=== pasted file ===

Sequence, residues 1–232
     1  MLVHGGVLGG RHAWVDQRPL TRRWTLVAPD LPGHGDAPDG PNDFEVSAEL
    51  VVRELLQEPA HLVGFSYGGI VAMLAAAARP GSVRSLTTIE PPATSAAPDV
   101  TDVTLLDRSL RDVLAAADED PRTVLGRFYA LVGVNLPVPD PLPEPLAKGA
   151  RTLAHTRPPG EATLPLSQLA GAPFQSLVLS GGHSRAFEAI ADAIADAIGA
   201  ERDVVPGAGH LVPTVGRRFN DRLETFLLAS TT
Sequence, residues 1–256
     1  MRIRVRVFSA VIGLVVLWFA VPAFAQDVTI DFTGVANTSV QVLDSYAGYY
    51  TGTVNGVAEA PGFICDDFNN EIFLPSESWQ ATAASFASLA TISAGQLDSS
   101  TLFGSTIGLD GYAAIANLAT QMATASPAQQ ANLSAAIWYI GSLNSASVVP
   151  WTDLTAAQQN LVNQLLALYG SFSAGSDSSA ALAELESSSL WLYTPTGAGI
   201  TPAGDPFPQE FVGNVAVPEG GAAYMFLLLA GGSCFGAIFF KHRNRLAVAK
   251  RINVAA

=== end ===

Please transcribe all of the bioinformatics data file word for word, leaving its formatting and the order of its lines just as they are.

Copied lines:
Sequence, residues 1–232
     1  MLVHGGVLGG RHAWVDQRPL TRRWTLVAPD LPGHGDAPDG PNDFEVSAEL
    51  VVRELLQEPA HLVGFSYGGI VAMLAAAARP GSVRSLTTIE PPATSAAPDV
   101  TDVTLLDRSL RDVLAAADED PRTVLGRFYA LVGVNLPVPD PLPEPLAKGA
   151  RTLAHTRPPG EATLPLSQLA GAPFQSLVLS GGHSRAFEAI ADAIADAIGA
   201  ERDVVPGAGH LVPTVGRRFN DRLETFLLAS TT
Sequence, residues 1–256
     1  MRIRVRVFSA VIGLVVLWFA VPAFAQDVTI DFTGVANTSV QVLDSYAGYY
    51  TGTVNGVAEA PGFICDDFNN EIFLPSESWQ ATAASFASLA TISAGQLDSS
   101  TLFGSTIGLD GYAAIANLAT QMATASPAQQ ANLSAAIWYI GSLNSASVVP
   151  WTDLTAAQQN LVNQLLALYG SFSAGSDSSA ALAELESSSL WLYTPTGAGI
   201  TPAGDPFPQE FVGNVAVPEG GAAYMFLLLA GGSCFGAIFF KHRNRLAVAK
   251  RINVAA